Hernandez studied hard and earned his Master Electrician license in 2014. It was a life-changing time for him. Hernandez was inspired by the definition of the term landmark: “an event, discovery, or change marking an important stage or turning point in something; something of historical value.” Small businesses are of historical value, so Hernandez named his new company Landmark Electric.

During the day, Hernandez provided maintenance for the Flour Bluff school district. After completing his tasks, Hernandez would work into the evening on requests that were coming in for Landmark Electric.

That full schedule continued until 2016 when Hernandez ran for mayor, and then State Representative. He was inspired by the memory of meeting a political figure during childhood, and by his desire to truly help his community, especially the underserved and marginalized. While Hernandez was trying to make a difference politically, he continued taking care of his grandmother.

“Thirty percent of Nueces County was living at, or below, poverty before COVID,” Hernandez said. He was, and is, also deeply aware of how much small business is struggling. “Prices are rising, but at the end of the day, small business owners can’t afford to raise the overall cost. I don’t want to raise the rates because then my clients couldn’t afford it.”

Landmark Electric has a 9.9 out of 10 customer satisfaction rating throughout the nation. In 2020, Landmark Electric was rated number two in Caller-Times‘s “Best of the Best” out of 130 licensed electricians in Corpus Christi. The only company that ranked higher than Hernandez’s has been in business for over 100 years. It is interesting to note that Landmark Electric was ranked higher than more than 20 multi-million dollar companies. Hernandez said it was because he has high expectations and high standards of excellence for himself and his employees.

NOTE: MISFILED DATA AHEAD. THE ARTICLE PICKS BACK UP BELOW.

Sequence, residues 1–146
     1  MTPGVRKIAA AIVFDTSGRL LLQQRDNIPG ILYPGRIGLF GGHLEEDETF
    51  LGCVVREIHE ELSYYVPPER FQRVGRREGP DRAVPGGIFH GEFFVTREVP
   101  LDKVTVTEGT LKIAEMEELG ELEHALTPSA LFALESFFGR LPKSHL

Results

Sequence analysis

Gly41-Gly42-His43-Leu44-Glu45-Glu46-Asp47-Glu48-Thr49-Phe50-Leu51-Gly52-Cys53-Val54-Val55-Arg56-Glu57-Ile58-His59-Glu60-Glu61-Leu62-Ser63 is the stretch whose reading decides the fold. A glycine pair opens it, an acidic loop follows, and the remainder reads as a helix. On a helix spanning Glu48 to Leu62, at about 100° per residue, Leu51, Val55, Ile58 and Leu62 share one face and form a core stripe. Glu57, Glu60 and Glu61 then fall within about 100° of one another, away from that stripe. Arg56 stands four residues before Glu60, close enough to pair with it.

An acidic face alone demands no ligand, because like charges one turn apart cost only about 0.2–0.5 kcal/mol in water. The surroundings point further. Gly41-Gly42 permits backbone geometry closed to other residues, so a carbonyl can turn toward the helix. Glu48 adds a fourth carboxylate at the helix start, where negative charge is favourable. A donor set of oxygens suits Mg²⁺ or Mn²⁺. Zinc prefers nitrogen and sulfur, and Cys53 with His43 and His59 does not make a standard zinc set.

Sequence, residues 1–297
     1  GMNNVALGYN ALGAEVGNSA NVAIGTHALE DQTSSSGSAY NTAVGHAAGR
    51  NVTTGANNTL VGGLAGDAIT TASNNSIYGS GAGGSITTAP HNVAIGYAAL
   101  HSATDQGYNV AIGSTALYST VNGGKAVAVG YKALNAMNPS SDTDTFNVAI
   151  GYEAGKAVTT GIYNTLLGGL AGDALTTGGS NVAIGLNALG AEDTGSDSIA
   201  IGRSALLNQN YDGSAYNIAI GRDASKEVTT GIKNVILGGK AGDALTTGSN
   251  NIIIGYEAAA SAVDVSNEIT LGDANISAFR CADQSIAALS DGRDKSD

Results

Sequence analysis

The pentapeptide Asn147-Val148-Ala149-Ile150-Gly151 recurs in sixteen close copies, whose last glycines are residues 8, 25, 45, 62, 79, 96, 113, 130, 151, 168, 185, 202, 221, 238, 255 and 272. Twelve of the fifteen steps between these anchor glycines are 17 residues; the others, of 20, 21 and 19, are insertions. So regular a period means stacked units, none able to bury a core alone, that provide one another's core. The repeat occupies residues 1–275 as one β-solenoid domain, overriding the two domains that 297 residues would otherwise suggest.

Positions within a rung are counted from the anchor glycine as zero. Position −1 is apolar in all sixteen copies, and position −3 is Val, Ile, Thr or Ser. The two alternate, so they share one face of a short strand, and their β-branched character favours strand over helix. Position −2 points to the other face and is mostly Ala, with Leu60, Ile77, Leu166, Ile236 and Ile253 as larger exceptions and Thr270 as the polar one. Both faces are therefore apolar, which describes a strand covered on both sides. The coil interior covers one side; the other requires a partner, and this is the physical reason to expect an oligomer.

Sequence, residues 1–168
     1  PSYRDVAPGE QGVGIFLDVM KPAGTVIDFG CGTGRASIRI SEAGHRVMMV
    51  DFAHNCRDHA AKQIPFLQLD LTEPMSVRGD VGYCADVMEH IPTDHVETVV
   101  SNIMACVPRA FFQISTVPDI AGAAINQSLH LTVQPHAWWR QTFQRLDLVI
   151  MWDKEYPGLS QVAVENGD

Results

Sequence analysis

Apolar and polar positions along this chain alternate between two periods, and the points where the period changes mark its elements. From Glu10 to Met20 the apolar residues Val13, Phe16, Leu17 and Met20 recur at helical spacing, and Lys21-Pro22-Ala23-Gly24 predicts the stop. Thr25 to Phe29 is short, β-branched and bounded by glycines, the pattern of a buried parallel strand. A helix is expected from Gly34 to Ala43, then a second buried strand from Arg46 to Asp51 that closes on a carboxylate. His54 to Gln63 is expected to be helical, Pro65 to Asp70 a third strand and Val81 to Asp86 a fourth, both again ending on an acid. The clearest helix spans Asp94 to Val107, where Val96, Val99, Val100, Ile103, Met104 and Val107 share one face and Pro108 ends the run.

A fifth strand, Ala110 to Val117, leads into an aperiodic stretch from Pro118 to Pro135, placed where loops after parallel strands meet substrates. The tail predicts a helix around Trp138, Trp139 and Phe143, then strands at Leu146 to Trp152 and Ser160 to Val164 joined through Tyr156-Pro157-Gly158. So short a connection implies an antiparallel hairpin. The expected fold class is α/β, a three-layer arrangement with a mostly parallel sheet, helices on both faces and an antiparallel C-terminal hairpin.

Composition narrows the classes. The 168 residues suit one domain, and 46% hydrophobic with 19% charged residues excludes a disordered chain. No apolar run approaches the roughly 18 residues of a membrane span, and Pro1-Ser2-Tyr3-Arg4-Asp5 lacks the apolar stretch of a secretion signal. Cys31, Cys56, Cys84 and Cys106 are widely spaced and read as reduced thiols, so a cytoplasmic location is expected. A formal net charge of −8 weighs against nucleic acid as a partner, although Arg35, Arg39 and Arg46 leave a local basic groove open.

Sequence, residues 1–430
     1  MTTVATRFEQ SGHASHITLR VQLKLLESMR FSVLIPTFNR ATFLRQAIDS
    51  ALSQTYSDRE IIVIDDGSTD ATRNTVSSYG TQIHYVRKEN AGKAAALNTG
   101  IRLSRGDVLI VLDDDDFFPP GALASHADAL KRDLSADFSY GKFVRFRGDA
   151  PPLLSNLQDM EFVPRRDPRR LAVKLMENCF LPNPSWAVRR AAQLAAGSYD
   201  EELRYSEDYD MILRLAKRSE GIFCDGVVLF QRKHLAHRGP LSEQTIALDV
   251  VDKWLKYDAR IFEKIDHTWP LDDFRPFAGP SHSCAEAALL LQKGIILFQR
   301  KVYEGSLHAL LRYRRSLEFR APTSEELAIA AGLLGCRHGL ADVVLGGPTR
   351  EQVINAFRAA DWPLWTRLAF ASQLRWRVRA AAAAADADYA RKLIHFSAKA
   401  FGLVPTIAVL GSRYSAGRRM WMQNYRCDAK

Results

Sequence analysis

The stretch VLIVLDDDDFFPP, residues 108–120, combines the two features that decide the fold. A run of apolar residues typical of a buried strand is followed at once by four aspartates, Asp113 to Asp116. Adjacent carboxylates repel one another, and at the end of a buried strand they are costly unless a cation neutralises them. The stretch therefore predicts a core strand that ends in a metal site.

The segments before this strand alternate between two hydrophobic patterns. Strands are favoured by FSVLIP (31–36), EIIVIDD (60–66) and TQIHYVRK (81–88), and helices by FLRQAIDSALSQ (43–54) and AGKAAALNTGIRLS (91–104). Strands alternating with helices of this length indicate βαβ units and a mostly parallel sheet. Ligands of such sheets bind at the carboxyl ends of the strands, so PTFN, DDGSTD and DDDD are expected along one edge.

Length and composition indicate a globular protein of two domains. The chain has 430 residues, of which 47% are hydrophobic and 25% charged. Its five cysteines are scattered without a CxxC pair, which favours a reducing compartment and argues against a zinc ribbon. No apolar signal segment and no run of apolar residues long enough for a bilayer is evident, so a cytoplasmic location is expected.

Hernandez challenges the community to “give small businesses an opportunity to shine.” He has started promoting local small businesses within the community through social media. Because the opportunity for small businesses to support and encourage each other is, in a sense, a landmark deal – which Hernandez calls Landmark Partnerships.

Hernandez is an active member of the United Corpus Christi Chamber of Commerce, where he serves as Chamber Champion, an active member (and former board member) of Westside Business Association, an active member of Coastal Bend Young Business Professionals, an active member of Associated Builders and Contractors: Emerging Leaders, an active member of the Black Chamber of Commerce, an active member of NAACP, and a former High Counselman, and current active member of his church, which serves many surrounding communities.

Hernandez is also actively involved in Leadership Corpus Christi, which he refers to as “the best organization to be involved with, because it gets you involved in the community. You don’t have to won a business. The only requirement is simply to be a leader.”

Hernandez said there is a monthly commitment, with homework, and it involves volunteering in order to build up the community.

Hernandez continues to donate blankets, socks, and hats during the cooler months because he knows first-hand that there are people out there that have nothing. He also donates to local shelters, such as The Purple Door, which serves women onsite and in offsite locations.

“I look for charities that don’t just help people once, but that helps lift people back to get their feet. Get off of social media and get involved in your community!” Hernandez urged.

What sets Landmark Electric apart from other companies providing electrical services?

“This isn’t a job, it what we do. We genuinely care about what we do and who we are doing it for,” said Hernandez. “It’s not just customer service; it’s about community service.” Hernandez practices this in giving his time and money, volunteering, helping distribute food, and so forth. He is glad to give back.

“I have been in their shoes. I know what they’re going through.”

Chamber member James Hernandez (left) loves to support Efrain Franco Jr (right) director of the United Corpus Christi Chamber of Commerce, and other chamber members.
James Hernandez (left) presented a gift card to Michelle Lapeer-Donnelly (right), owner of Let Them Eat Cake, and Eatery.
Michelle won a gift card as part of the Landmark Partnership program Hernandez started. He purchases gift cards from locally owned small businesses, then spotlights them on social media to help promote community collaboration and support. Courtesy photo.
James Hernandez (far left)
James Hernandez (left), and Joel Pike (middle) owner of The Lunch Guy, celebrate their Landmark Partnership. Also pictured is Curtis Smith (right) owner of South Texas Curb Appeal. The men get together often to enjoy their friendship and support each other’s business ventures. Courtesy photo.